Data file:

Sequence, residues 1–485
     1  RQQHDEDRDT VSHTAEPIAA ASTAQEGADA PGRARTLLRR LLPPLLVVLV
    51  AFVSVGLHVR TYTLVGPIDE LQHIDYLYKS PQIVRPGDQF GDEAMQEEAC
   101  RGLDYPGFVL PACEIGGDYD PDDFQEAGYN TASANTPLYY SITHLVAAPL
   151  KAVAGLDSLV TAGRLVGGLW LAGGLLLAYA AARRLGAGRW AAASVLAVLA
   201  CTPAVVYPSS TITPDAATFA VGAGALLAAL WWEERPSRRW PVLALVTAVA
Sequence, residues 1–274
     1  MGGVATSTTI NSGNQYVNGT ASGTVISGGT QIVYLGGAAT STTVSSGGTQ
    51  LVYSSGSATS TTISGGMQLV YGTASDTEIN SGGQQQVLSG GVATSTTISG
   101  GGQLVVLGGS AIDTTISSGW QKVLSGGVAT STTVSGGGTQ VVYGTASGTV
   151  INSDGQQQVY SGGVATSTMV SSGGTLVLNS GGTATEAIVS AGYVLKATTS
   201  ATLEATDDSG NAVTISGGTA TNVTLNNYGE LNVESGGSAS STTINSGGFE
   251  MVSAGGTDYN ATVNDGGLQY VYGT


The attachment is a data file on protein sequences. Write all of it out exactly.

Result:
Sequence, residues 1–485
     1  RQQHDEDRDT VSHTAEPIAA ASTAQEGADA PGRARTLLRR LLPPLLVVLV
    51  AFVSVGLHVR TYTLVGPIDE LQHIDYLYKS PQIVRPGDQF GDEAMQEEAC
   101  RGLDYPGFVL PACEIGGDYD PDDFQEAGYN TASANTPLYY SITHLVAAPL
   151  KAVAGLDSLV TAGRLVGGLW LAGGLLLAYA AARRLGAGRW AAASVLAVLA
   201  CTPAVVYPSS TITPDAATFA VGAGALLAAL WWEERPSRRW PVLALVTAVA
Sequence, residues 1–274
     1  MGGVATSTTI NSGNQYVNGT ASGTVISGGT QIVYLGGAAT STTVSSGGTQ
    51  LVYSSGSATS TTISGGMQLV YGTASDTEIN SGGQQQVLSG GVATSTTISG
   101  GGQLVVLGGS AIDTTISSGW QKVLSGGVAT STTVSGGGTQ VVYGTASGTV
   151  INSDGQQQVY SGGVATSTMV SSGGTLVLNS GGTATEAIVS AGYVLKATTS
   201  ATLEATDDSG NAVTISGGTA TNVTLNNYGE LNVESGGSAS STTINSGGFE
   251  MVSAGGTDYN ATVNDGGLQY VYGT